Welcome to my blog where I share book reviews
and life along the winding road

Friday, December 2, 2016

The Poisonwood Bible by Barbara Kingsolver

It's the time of year when our local YMCA sells donated used books as a fundraiser so I stocked up. One of the books I picked up was The Poisonwood Bible by Barbara Kingsolver. Ms. Kingsolver is a gifted writer who drops you into the story and surrounds you with sights and sounds. In The Poisonwood Bible, the setting is The African Congo in 1959.

From the cover:
The Poisonwood Bible is a story told by the wife and four daughters of Nathan Price, a fierce, evangelical Baptist who takes his family and mission to the Belgian Congo in 1959. They carry with them everything they believe they will need from home, but soon find that all of it - from garden seeds to Scripture - is calamitously transformed on African soil. What follows is a suspenseful epic of one family's tragic undoing and remarkable reconstruction over the course of three decades in postcolonial Africa.

My thoughts:
It's a wonder that anyone survived in Africa with the droughts, torrential rains, army of ants, lethal snakes, malaria and hook worms that bury into the soles of feet. During the late 1950s The Congo was struggling for independence from Belgium and the Price family, already struggling to survive in the jungle, were also affected by the battles that were going on around them. Fighting for control of rubber and diamonds, Europe was not willing to give away the land lightly. Sadly, they were willing to kill and murder to keep control. Even the CIA was involved in ousting a prime minister elected by the people. You can read more about the history here. Barbara Kingsolver gives us details of life and struggles of the family at the edge of the jungle, along with the day to day battles of the women with their domineering father who had no understanding of either his family or the village he was trying to baptize. It's a powerful book and would make a good book club read.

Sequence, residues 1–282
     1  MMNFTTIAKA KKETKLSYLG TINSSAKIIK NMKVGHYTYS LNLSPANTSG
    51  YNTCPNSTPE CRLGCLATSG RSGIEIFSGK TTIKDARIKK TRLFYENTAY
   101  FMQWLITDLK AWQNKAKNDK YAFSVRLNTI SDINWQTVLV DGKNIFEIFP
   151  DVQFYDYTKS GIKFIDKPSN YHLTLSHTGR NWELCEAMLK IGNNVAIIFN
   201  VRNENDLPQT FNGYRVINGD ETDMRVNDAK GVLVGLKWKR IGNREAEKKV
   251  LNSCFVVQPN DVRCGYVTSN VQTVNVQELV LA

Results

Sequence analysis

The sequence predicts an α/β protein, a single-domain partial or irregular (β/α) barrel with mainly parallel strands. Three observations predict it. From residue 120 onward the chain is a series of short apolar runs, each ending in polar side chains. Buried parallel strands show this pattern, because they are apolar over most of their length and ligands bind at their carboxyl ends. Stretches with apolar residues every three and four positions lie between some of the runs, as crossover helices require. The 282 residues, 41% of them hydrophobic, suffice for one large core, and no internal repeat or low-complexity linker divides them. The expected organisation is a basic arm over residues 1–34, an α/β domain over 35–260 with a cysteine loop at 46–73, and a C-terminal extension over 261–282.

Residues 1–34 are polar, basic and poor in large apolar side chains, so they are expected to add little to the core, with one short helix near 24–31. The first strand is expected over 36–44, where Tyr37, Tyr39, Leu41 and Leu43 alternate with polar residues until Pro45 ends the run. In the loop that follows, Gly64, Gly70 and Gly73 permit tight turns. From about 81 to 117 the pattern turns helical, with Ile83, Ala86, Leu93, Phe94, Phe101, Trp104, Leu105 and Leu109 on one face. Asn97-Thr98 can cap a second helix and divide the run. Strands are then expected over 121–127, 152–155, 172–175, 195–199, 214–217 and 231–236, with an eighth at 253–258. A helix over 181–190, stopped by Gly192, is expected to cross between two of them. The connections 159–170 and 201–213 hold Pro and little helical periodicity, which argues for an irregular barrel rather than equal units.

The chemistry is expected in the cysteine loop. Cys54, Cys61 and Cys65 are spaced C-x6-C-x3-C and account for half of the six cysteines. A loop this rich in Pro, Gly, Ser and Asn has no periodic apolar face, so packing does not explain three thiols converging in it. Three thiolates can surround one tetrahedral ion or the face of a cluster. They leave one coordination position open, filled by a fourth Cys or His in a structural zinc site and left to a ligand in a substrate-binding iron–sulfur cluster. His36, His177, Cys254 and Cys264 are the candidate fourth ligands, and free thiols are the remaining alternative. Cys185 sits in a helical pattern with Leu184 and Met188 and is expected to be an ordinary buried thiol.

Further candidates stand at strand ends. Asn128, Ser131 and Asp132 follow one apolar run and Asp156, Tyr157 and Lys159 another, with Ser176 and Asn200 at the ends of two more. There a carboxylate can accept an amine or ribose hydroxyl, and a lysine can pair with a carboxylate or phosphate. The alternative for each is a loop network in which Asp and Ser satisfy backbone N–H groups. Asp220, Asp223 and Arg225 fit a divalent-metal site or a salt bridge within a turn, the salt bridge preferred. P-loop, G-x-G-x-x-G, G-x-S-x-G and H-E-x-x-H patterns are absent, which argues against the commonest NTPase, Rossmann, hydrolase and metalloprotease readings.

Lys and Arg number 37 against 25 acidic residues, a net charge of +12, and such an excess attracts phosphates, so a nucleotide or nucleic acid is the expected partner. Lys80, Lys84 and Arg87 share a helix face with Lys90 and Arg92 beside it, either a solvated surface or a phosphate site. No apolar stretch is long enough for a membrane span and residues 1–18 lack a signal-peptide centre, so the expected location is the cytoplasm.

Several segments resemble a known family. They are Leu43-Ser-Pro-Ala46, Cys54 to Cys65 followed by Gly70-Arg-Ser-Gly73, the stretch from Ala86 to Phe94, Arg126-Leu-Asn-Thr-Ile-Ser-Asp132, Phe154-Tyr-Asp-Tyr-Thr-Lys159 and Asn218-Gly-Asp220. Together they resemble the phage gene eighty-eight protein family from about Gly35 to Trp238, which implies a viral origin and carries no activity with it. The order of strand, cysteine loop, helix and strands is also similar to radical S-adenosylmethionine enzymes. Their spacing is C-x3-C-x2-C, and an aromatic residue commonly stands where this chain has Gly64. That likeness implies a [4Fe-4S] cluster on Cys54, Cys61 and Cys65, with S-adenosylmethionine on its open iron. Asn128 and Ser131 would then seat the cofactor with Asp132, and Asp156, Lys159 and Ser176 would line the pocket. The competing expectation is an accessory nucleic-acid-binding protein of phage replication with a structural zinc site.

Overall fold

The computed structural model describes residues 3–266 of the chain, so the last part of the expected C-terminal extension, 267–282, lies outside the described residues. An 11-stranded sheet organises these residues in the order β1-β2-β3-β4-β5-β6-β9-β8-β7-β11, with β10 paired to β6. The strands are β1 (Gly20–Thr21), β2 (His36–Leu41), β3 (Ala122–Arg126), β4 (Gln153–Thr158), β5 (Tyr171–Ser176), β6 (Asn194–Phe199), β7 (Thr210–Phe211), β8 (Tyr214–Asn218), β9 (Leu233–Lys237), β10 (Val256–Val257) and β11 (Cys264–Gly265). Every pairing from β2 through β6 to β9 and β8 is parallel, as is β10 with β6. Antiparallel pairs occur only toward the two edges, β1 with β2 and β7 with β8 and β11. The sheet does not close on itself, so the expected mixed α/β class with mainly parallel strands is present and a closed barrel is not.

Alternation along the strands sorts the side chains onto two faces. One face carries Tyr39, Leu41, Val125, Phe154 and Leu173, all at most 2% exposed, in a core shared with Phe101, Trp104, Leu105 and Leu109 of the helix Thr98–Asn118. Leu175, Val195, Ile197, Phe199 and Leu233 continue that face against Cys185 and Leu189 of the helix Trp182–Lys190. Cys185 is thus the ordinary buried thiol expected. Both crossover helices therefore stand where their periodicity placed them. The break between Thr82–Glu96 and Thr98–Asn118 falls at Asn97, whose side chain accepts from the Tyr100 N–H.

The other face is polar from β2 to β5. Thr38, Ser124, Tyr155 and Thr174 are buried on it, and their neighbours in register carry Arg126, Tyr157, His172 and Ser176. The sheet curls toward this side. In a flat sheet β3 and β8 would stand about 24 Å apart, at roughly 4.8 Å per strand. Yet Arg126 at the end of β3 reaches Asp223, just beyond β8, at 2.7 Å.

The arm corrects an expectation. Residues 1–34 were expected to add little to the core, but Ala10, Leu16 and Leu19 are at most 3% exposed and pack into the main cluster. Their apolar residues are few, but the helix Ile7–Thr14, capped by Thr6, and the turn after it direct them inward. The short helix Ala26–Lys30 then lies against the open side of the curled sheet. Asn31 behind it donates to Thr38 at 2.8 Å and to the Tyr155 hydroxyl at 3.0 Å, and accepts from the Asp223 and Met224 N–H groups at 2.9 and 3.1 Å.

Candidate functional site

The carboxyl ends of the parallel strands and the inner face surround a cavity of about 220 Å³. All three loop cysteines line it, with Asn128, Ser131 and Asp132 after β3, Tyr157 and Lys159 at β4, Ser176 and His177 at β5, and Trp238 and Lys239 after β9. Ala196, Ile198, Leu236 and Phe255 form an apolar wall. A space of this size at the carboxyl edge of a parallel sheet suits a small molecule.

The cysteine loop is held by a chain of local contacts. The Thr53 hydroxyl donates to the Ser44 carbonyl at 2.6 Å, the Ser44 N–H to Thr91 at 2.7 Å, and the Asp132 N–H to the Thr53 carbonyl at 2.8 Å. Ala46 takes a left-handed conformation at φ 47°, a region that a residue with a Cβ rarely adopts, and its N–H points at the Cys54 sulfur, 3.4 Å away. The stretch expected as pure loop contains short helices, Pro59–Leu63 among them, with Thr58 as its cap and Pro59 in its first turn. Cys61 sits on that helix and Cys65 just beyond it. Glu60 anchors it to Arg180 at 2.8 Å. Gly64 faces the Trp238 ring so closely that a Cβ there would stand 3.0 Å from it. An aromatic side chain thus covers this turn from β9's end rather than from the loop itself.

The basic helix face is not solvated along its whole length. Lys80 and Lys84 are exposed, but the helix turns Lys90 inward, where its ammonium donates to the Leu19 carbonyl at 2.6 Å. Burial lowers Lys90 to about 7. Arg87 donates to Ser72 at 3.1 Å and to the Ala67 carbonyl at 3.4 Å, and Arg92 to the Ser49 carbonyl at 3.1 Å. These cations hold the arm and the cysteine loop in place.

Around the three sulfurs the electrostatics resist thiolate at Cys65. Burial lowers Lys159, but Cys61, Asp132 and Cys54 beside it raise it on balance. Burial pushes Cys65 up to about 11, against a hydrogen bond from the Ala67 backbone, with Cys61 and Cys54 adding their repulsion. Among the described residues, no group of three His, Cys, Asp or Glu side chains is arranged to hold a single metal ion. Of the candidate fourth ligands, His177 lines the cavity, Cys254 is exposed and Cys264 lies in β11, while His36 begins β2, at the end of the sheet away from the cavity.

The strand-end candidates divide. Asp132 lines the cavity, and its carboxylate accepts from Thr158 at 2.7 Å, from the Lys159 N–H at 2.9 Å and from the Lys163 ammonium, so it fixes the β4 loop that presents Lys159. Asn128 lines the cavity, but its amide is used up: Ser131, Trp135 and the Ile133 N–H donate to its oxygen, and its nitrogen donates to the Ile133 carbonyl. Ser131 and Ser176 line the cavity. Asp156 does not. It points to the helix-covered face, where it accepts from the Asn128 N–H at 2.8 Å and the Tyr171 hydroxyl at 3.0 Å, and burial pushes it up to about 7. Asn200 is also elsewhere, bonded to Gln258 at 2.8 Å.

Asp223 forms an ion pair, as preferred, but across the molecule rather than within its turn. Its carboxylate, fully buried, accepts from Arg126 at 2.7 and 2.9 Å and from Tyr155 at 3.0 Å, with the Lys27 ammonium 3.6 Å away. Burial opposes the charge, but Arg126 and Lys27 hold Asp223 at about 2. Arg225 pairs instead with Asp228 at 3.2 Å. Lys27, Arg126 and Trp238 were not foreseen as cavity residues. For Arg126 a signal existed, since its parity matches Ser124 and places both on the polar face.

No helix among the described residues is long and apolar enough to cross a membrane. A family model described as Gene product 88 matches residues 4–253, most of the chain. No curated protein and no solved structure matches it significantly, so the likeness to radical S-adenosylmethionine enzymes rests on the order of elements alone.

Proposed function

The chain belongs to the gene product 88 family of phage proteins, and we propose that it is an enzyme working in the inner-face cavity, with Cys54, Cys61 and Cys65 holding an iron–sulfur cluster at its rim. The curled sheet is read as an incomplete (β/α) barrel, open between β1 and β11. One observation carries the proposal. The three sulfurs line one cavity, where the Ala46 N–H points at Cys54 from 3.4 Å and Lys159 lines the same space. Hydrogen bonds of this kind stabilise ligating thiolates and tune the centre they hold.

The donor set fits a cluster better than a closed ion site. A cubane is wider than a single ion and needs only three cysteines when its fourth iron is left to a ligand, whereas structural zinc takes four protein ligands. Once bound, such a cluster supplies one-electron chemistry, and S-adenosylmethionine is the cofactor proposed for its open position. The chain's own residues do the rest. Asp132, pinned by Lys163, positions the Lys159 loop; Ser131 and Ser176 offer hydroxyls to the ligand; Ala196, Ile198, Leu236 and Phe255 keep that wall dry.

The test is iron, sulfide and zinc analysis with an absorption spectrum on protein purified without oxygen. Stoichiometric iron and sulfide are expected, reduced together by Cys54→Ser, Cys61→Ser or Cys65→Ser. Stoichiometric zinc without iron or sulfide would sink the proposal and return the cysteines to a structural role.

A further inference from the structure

Thursday, November 24, 2016

Wednesday, November 23, 2016

Blood on the River - James Town 1607 by Elisa Carbone

If it wasn't for the first pioneers, we wouldn't be celebrating Thanksgiving in the "New World." In Blood on the RiverElisa Carbone writes a detailed story of the first settlers on the Virginia Shore, lead by Captain John Smith. What many people don't realize is that the first settlers in James Town colony were sent by The Virginia Company who expected goods and minerals to be sent back to England to be sold for profit. In addition to trying to survive and provide natural resources for the Virginia Company, they were also instructed by King James to let the Native Indians know that they were now his subjects (which obviously wasn't received well by the Indians).

Elisa Carbone is a gifted writer and gives us a glimpse into life in Jamestown through the eyes of a young boy, Samuel Collier, who is escaping poverty and life in the alleys of London to become Captain Smith's page.

Study guide here

Friday, November 18, 2016

National Novel Writing Month

NaNoWriMoNational Novel Writing Month (NaNoWriMo)  is well under way, but I chose not to participate this year as I've been working on my book on frugal living - A Penny Saved.
In order to accomplish writing 50,000 words by the end of November it takes just under 1,700 words a day, which for some of us, is in itself a task, but hop on over to Pat Wahler's blog to read about how many words some prolific writers amass.